Cambodia: Grey-headed Fish Eagle Project, Part 1
Ruth Tingay— January 2012 — in Asia-Pacific Share
It’s January 1st and it’s an unusual start to the New Year for me. Instead of being out partying last night, I was at home, packing. It’s a familiar task and one I always look forward to as it signals the end of a long period of pre-fieldwork planning and preparation. The funding proposals had been written, submitted, and accepted; the research permit from the host country’s government applied for and received; this year’s field team selected and briefed; the field transport and accommodation booked; the fieldwork schedule planned; the budget checked and revised; immunisations updated; medical insurance updated; emergency evacuation procedure planned; flights researched, booked and confirmed; visa procedures confirmed; specialist sampling equipment procured; export and import permit restrictions for shipping biological samples from one country to another read and (grudgingly) understood; currency exchanged; passport found.
This evening I’m heading back to Cambodia to continue my long-term research on the poorly-known grey-headed fish eagle (GHFE). I set up the study back in 2005 after finding a previously undocumented, high-density GHFE breeding population in the swamp forest around South East Asia’s largest freshwater body, the Tonle Sap Lake. This lake is part of an ecosystem like no other. Unlike the permanently flooded swamp forests of Indonesia, the forest around the Tonle Sap Lake is subject to seasonal flooding from the Mekong River. When the mighty Mekong fills with Himalayan melt-water and rain from the monsoon in June and July, it gushes downstream through China, Myanmar, Laos and Thailand and into the Tonle Sap Lake with such force that the lake expands to over four times its size, from 2,500 km2 in the dry season to a whopping 12,000 km2 during the wet season. This immense influx of water floods the forest surrounding the lake, creating up to a 10 m rise in the lake’s water level. Short vegetation and smaller trees become fully submerged, and only the top halves of the larger trees are visible above the water’s surface. This pulsing flux of seasonal water has created a nutrient-rich environment that is recognised as one of the most productive inland fisheries in the world. It shouldn’t be a surprise that the piscivorous GHFE has decided to set up shop here!
Prior to this GHFE study, very little had been published on the species; not even on its elementary biology and ecology. It was known to have a wide distribution, ranging from north east India, down the Thai-Malay peninsula, and into Indonesia, but it was also suspected to be in decline. The reasons for that weren’t clear, and if they were to be addressed, then some basic knowledge on what this eagle needs to survive would be essential. Seven years later, although we have learned a great deal about the GHFEs at the Tonle Sap, so far our findings have raised more questions than answers. Nevertheless, we have learned enough to say that this population, of between 60-80 GHFE breeding pairs, is regionally significant in South East Asia, and in all likelihood it is probably a globally significant population, as researchers in other parts of the species’ range report only small numbers of breeding pairs from their study areas.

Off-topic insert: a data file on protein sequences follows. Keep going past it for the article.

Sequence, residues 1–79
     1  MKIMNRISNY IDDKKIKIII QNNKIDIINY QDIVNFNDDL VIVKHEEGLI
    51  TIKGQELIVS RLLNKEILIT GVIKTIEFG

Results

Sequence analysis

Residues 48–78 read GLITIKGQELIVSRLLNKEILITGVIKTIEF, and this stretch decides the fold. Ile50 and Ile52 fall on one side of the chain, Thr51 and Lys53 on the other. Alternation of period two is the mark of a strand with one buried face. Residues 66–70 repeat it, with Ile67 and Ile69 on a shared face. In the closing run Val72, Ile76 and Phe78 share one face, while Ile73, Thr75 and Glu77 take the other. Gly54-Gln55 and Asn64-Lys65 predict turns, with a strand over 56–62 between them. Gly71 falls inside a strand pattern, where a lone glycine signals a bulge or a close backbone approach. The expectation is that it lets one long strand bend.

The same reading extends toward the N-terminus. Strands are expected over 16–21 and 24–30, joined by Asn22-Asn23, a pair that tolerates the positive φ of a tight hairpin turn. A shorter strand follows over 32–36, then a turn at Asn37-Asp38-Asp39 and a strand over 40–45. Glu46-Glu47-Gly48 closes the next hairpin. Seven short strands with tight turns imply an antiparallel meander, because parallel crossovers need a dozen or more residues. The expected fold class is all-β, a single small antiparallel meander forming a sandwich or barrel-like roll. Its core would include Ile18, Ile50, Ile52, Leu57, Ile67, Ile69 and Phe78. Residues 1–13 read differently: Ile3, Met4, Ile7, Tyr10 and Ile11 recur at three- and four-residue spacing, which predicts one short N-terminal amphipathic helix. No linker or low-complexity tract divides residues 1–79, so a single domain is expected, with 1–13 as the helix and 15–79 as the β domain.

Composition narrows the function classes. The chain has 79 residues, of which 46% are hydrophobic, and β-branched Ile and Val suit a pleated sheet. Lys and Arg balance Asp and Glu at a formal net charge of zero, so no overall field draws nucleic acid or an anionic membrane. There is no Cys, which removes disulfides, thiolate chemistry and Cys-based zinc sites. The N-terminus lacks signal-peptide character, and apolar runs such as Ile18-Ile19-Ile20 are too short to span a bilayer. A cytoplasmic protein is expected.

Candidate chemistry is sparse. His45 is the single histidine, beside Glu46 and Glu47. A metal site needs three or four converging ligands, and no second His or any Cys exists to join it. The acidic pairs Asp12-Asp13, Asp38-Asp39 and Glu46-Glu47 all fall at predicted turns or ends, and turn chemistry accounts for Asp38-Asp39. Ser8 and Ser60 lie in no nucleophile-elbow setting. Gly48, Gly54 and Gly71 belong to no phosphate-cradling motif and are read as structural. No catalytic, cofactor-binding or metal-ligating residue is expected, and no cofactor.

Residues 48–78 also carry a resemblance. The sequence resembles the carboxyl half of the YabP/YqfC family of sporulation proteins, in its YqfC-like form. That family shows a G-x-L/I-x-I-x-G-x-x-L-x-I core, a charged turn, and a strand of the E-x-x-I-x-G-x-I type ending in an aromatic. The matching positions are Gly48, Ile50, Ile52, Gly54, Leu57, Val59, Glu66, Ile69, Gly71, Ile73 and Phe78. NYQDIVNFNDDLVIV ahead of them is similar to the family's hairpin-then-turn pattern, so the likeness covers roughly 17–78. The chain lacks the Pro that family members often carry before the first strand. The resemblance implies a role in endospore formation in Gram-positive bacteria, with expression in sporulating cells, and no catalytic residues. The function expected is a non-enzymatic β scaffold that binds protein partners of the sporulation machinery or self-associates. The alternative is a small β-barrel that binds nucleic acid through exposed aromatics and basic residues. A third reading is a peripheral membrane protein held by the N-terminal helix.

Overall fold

Most importantly, we have learned enough to have identified several potential conservation threats to this special population. One of these is the annual mass removal of at least 6.9 million watersnakes from the lake. The snakes are an important resource for the local human population, who collect them for food and also for the wildlife trade; there is an insatiable demand in Vietnam and China for these species, with some commanding an irresistible price tag for local people living around the lake. Unfortunately, the snakes are also an important food resource for the Tonle Sap GHFEs, and the un-regulated removal of so many on such a regular basis is unlikely to be sustainable.
The second potential conservation threat is perhaps not so visibly obvious at the lake itself, but is no less insidious; that is, the proposed construction of at least 19 hydropower dams in the upstream reaches of the Mekong River. These dams not only have the potential to alter significantly the downstream flood regime (and thus productivity) of the Tonle Sap Lake, but these types of structures have also been implicated in other parts of the world in the accumulation of methylated mercury in the river sediment, that is then flushed downstream. Piscivorous raptors are known to be especially susceptible to mercury contamination (as the mercury accumulates up through the food chain) and there is a particular concern about mercury exposure in our GHFE population. In all the previous field seasons, I have probably seen no more than a total of five juvenile GHFEs at the Tonle Sap, which is unusually low for such a large breeding population. One of the known side effects of mercury poisoning is reproductive difficulties. So, either our GHFEs are producing plenty of offspring and those young birds are moving away to another area somewhere else around the lake until they’re old enough to breed, or, our GHFEs are already contaminated and their reproductive output is affected. One of the main aims of this year’s study is to measure the level of mercury in our fish eagles and their prey (fish and watersnakes) and evaluate their exposure to this otherwise invisible threat. A specialist contaminants biologist has been recruited to the team this year, all the way from Alaska, specifically for this job – more on that later.
Just time for one last decent cup of tea then it’ll be time to head off into the night to begin this year’s adventure in the great Cambodian swamp.
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